Penelope, wife of the long absent Odysseus, is traditionally associated with fidelity. But it is men who have been doing the associating, and today Penelope’s story is being reinterpreted by feminists. It should be reinterpreted by all of us, and that is what Jehanne Dubrow is doing in Stateside.
This is not merely the verse story of a Navy wife facing the challenges with which her husband’s duty confronts her. It is the story of waiting, wondering, fearing, persevering, triumphing—but triumphing not merely as a adjunct to her husband’s honorable career but in her own right as a woman, an artist, and an observer of the human condition.
The theme of a wife’s behavior in the absence of a warrior husband is habitually viewed through male eyes, as if her life is book-ended between the husband’s departure and return. Stateside is a radical departure from this tired world view.
It’s pretty hard to tell a story in the West without thinking about Homer and the Nordic sagas; it’s even harder to grant women some semblance of equal standing with Achilles and Eric the Red, so much so that we’re inclined to cheer the bloodthirsty Viking shield maidens disembarking from their dragon ships with their men simply because they’re central to the story and not merely the embroidery of their men's shirts.
These poems are not about another facet of war, another angle of vision. They are about us, our culture. A press release accompanying this admirable collection cites Brian Turner’s Here, Bullet, published five years ago and explored here recently as a high mark of human sensibility. The release speaks of the book giving “a powerful voice to the often overlooked, yet fraught, experience of the military spouses left behind during wartime deployment.”
I won’t argue with this view, but I suspect it short-sells the poems, because no one really is left behind. War seeps into the marrow of our culture. It changes us. The action is not merely at the front, even when we can find the front, which in the 21st Century is no easy feat. These are not poems about another side of a story. These are war poems, sagas in their own right.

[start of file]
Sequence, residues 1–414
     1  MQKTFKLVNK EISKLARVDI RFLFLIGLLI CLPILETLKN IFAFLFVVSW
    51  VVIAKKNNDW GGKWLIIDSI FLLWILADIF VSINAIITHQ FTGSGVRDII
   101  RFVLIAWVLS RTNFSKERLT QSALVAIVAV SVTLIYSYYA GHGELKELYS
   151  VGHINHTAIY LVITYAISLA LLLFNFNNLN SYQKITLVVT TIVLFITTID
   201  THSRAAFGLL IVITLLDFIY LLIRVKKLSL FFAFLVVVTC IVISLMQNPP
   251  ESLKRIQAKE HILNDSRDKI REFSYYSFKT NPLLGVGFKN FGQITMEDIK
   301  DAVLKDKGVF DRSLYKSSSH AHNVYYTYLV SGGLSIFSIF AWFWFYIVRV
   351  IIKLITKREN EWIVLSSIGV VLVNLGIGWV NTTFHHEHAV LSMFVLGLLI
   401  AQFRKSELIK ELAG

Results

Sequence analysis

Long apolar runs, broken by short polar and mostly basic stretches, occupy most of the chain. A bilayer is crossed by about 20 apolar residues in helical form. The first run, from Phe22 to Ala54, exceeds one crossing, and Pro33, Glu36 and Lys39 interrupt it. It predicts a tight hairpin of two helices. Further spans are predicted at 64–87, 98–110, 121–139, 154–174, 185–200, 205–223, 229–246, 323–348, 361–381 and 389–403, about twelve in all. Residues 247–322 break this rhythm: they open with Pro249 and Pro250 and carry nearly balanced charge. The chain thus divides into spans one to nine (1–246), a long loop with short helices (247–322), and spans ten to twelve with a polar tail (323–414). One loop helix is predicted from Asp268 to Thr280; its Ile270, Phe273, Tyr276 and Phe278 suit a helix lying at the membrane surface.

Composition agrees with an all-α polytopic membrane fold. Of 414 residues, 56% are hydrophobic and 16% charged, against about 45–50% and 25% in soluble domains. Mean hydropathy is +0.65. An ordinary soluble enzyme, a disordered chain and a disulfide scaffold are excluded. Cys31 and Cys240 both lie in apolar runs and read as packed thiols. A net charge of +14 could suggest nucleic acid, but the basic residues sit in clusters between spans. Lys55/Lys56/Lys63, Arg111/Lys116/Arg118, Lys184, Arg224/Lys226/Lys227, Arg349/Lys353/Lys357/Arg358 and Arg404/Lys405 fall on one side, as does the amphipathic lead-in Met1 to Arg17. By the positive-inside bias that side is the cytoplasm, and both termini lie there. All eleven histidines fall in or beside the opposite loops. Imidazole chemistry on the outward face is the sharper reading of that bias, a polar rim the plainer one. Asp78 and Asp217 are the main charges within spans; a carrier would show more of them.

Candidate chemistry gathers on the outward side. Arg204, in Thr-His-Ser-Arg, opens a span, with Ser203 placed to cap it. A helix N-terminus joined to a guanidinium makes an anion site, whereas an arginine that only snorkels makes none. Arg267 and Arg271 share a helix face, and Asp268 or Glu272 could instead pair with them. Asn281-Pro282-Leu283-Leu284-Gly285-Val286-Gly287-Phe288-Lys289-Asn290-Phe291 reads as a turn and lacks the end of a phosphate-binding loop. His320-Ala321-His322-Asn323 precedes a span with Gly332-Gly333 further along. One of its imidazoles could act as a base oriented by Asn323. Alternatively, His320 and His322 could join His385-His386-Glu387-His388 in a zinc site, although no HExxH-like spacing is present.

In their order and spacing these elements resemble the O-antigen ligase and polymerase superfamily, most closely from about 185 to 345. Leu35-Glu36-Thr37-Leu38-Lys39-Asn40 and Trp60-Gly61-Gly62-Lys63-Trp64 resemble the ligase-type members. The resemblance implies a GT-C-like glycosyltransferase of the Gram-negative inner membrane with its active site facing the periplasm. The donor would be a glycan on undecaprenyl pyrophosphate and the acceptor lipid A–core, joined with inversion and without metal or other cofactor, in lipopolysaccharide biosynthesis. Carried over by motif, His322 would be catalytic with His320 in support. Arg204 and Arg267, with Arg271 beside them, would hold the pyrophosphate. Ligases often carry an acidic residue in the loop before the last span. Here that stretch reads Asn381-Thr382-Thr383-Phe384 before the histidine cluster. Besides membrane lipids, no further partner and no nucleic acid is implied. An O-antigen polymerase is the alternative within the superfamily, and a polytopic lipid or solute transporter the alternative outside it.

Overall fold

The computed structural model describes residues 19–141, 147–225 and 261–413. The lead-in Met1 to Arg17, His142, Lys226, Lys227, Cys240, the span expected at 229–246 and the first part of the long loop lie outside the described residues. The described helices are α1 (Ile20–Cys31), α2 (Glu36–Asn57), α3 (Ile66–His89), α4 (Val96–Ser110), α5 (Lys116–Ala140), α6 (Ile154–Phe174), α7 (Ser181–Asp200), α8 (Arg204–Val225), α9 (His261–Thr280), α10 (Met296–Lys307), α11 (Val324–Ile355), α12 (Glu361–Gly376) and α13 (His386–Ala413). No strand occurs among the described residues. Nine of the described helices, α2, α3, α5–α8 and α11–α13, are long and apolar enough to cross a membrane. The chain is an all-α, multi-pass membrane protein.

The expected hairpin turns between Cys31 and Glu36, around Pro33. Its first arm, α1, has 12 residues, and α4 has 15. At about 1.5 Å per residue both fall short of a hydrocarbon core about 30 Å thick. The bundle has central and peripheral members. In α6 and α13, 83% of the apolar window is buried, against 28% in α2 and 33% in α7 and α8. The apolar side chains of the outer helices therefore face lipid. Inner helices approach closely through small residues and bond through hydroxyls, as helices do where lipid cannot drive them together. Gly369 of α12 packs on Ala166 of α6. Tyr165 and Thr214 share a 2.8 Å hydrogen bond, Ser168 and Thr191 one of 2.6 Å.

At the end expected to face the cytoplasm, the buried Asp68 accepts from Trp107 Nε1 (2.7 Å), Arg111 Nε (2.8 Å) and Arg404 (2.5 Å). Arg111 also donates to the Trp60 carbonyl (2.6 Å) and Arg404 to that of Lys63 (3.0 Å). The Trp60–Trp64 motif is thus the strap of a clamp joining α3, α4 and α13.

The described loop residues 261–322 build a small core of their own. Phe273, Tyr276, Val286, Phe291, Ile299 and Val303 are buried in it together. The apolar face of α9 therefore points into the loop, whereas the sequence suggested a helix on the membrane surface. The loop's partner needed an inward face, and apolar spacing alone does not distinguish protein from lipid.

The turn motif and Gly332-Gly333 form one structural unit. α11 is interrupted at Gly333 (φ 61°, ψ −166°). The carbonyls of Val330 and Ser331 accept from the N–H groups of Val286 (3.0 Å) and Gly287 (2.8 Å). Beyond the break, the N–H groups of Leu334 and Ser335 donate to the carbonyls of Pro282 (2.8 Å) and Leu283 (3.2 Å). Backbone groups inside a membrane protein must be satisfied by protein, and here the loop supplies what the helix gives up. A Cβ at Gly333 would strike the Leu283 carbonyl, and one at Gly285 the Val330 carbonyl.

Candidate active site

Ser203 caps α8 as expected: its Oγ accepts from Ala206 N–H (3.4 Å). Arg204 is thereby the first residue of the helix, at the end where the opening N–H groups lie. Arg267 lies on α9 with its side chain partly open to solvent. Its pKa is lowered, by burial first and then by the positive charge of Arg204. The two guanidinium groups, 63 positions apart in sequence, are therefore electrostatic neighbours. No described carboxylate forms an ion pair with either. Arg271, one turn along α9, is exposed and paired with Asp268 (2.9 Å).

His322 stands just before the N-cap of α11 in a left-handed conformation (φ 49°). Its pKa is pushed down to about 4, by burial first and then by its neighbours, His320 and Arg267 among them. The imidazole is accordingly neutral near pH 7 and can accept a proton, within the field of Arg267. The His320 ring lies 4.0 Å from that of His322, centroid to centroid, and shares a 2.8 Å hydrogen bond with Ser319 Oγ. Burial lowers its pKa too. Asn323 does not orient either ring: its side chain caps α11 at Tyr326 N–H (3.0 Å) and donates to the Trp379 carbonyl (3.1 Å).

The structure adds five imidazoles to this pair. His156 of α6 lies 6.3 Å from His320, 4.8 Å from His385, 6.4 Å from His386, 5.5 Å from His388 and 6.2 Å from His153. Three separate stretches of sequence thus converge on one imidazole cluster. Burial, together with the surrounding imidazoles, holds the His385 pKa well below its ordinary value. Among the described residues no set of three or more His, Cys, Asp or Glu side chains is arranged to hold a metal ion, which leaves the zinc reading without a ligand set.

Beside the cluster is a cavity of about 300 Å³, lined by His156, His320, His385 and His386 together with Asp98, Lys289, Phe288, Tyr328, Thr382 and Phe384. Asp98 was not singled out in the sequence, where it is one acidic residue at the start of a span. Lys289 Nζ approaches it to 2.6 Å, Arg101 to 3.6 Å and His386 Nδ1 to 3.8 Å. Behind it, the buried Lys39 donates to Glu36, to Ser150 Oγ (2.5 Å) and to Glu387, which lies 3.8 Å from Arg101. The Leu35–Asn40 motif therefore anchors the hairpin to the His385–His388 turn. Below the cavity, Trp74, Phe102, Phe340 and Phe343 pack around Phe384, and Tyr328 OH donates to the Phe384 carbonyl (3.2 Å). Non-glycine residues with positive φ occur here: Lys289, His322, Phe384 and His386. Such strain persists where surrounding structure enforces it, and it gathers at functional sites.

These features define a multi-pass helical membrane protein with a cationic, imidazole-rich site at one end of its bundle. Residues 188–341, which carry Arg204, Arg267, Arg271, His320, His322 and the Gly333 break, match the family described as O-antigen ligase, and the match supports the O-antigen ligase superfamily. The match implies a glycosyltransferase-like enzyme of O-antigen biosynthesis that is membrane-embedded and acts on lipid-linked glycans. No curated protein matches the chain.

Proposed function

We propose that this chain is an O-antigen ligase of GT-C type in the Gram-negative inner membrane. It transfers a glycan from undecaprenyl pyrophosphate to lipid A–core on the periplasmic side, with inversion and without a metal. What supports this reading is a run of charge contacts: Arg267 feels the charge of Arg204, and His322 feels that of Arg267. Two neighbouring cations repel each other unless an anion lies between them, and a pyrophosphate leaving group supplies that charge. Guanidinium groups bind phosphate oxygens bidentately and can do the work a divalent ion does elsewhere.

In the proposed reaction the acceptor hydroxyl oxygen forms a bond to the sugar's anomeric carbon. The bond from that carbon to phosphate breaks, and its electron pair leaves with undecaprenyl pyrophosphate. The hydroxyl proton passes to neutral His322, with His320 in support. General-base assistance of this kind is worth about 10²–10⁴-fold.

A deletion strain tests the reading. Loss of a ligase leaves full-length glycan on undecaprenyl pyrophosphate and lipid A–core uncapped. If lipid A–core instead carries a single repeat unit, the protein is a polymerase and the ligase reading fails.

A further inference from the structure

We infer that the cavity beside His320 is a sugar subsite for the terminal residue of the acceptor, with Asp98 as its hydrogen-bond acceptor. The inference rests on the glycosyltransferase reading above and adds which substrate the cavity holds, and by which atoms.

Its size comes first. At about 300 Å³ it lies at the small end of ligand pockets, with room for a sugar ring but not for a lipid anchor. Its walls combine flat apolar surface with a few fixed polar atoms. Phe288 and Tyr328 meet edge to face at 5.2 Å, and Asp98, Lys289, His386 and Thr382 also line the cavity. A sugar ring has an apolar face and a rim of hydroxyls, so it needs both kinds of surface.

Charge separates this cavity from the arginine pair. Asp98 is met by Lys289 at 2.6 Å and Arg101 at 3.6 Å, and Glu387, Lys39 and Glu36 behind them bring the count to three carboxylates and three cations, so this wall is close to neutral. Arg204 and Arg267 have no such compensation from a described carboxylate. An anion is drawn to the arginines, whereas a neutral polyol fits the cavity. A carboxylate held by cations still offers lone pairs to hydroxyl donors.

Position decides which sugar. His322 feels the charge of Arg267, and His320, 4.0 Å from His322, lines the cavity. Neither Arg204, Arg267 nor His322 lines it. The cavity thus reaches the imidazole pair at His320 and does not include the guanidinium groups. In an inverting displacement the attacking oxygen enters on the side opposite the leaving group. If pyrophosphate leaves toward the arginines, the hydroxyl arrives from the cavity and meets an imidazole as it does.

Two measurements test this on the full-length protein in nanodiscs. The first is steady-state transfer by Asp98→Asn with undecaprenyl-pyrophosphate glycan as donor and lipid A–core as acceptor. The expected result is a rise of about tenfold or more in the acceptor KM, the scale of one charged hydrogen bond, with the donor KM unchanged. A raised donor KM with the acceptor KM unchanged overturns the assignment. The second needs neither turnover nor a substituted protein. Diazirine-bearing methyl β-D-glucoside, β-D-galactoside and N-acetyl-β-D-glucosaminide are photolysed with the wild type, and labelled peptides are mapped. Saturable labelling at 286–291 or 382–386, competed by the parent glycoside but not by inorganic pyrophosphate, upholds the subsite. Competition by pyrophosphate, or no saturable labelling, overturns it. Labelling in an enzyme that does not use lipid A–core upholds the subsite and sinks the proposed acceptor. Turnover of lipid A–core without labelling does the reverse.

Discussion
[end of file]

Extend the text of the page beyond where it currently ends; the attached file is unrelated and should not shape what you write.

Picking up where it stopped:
And they often have the particularity and kettledrum cadences of The Odyssey itself. But the gravitas and braggadocio of The Odyssey is in Stateside supplanted by lyrical plaint, acuity honed by loneliness and dread, and sometimes savage poignancy.
Feminists may revisit Penelope and her appeals to Artemis and Athena all they like, but until we hear the shield maidens and the Penelopes, hear them and not about them, they remain less real than the larger-than-life male figures to whom they are furnishings. In Stateside we do hear them, and this is a landmark of sorts. This is one of those books that changes the landscape of our poetry, not in the grand way Ezra Pound’s Cantos change it or the poems of his friend, William Carlos Williams, but change it they do. I claim more for this book than its press release does.Odysseus and Penelope
Like Tony Barnstone in his masterful Tongue of War, Dubrow reminds us that the sonnet is as useful today as free verse and in some instances more appropriate. It has an internal, clock-like logic, a syllogistic impulse, that carries through an observation or recognition in a way far more satisfying than other forms. The sonnet is like a perfect vase, its attributes being as key as its content.
There is nothing new about a linked sequence of sonnets, but such a device in the employ of a woman speaking so sharply to our time is at times breathtaking. Too bad we can’t call the sonnet by some other name so as to avert its antique connotations. It’s as modern as Arthur Rimbaud’s or W.S. Merwin’s prose poems.
Dubrow is a deft prosodist. She moves from the narrative iamb in a poem like "Eastern Shore":
Remember when we touched at twenty-two,
so willingly aligned in one twin bed....
to the eight-syllable rhymed quatrains of "In Penelope’s Bedroom":
Whole regions that he used to kiss
are now abandoned land. What does she miss
the most? Without Odysseus
even her skin becomes extraneous...
Here is none of Homer’s portentousness, nor the grandeur that sometimes thunders in The Odyssey. Dubrow could be speaking for the Afghan and Iraqi women who are also bereft. She could be speaking for that entire half of humanity that war does not bother to be about. I think this aspect of her work is easy to overlook because the novelty of so good a poet singing the songs of a warrior’s wife so facilely overshadows the universality of the song.